Columbia’s MBA say US mortgage applications rise; 30-yr fixed mortgage falls to 2.96%

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Columbia’s MBA say US mortgage applications rise; 30-yr fixed mortgage falls to 2.96%

On Wednesday, the Washington DC-based Mortgage Bankers Association (MBA) said in a statement that the number of applications for US home mortgages had clawed back last week following three straight weeks of declines, as purchases seemed to have rebounded despite a supply restrain alongside a record rise in US house prices.

Apart from that, according to data from US mortgage buyer Freddie Mac, long-term average US mortgage rates fell last week ahead of a US Fed policy meet with the most popular 30-year fixed home loans falling to 2.96 per cent compared to a 2.99 per cent a week earlier.

Alongside this, average US 15-year home loans fell last week to 2.23 per cent from a 2.27 per cent a week earlier, while a decline in long-term home loans appeared to have fared well for an apparently struggling US housing market.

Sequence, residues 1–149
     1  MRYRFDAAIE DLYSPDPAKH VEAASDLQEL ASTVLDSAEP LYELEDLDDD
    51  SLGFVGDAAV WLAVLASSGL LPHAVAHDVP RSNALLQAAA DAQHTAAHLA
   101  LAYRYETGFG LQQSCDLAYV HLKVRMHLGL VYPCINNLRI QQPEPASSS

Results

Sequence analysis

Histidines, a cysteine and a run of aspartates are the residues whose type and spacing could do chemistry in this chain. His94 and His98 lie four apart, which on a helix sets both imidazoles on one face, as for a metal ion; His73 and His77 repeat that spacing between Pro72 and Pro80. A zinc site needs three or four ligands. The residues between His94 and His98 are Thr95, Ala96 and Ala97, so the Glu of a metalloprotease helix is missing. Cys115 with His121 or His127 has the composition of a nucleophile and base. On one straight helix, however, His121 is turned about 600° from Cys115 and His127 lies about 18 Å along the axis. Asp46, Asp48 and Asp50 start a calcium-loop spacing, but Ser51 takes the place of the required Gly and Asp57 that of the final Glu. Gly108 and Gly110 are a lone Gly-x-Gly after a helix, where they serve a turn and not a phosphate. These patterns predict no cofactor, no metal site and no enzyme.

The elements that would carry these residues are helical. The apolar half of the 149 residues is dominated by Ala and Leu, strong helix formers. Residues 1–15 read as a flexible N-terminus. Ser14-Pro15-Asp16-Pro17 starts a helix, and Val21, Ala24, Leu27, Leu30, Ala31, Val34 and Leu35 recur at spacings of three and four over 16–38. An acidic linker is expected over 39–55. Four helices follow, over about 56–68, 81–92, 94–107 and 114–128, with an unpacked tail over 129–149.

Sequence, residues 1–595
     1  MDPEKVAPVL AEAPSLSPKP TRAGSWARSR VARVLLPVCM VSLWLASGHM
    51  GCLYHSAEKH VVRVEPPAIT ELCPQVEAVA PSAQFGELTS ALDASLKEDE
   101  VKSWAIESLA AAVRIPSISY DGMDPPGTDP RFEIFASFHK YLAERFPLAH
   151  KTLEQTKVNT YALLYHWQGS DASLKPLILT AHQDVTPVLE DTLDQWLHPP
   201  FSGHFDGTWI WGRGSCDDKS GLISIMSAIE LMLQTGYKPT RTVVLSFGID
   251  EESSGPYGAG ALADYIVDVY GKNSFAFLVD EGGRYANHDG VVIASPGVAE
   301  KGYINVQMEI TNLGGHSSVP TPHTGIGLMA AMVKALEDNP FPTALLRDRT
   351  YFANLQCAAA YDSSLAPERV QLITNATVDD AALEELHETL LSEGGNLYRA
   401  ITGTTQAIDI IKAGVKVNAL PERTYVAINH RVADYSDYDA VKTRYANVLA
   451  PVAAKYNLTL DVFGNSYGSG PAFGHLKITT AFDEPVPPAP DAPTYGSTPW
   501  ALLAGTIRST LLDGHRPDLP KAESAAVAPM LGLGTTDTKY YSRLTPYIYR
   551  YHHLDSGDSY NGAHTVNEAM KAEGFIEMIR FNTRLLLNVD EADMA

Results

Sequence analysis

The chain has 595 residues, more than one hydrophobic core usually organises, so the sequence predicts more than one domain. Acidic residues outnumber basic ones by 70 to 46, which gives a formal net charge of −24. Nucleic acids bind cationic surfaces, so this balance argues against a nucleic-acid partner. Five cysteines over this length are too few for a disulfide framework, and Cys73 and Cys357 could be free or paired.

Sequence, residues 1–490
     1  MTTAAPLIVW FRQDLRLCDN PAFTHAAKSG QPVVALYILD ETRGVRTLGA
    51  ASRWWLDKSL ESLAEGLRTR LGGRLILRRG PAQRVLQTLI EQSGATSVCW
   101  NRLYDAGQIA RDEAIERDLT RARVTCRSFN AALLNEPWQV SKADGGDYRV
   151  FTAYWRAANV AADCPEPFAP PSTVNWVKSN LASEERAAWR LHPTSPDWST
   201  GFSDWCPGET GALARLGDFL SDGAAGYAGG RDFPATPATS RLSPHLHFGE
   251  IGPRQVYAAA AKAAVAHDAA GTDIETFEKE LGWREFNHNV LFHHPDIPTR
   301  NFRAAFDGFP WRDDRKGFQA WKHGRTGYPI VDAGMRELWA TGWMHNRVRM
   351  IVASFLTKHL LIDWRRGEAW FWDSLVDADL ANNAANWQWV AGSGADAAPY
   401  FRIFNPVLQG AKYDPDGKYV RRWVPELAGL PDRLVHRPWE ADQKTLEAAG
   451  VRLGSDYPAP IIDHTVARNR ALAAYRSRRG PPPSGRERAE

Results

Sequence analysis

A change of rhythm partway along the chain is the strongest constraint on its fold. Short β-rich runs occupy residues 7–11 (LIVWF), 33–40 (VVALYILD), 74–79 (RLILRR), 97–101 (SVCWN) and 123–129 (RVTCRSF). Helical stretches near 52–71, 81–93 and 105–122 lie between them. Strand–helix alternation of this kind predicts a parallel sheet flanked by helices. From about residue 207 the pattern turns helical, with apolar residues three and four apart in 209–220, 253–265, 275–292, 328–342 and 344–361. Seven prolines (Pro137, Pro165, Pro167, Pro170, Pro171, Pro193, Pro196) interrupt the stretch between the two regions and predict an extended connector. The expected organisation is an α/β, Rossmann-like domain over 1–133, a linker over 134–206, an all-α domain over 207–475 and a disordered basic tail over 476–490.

US Mortgage applications rise last week

On top of that, according to the Washington DC-based national real estate financing body comprised of over 2,200 member companies, the Mortgage Bankers Association’s seasonally adjusted market index for mortgage applications surged 4.2 per cent during the week that ended on June 11 from a week earlier, while there had been a 5.5 per cent increase in applications for refinancing.

Nonetheless, number of applications for refinancing fell to their lowest since February 2020 last week. However, citing that purchasing applications were still down by more than 17 per cent compared to a year earlier, when a booming US housing market was anchoring the economy alongside mega-cap tech conglomerates, Mortgage Bankers Association’s (MBA) associate Vice President of economic and industry forecasting, Joel Kan said in a statement, “An almost 5 percent increase in government purchase applications drove most of last week's gain while also tempering the recent growth in loan sizes.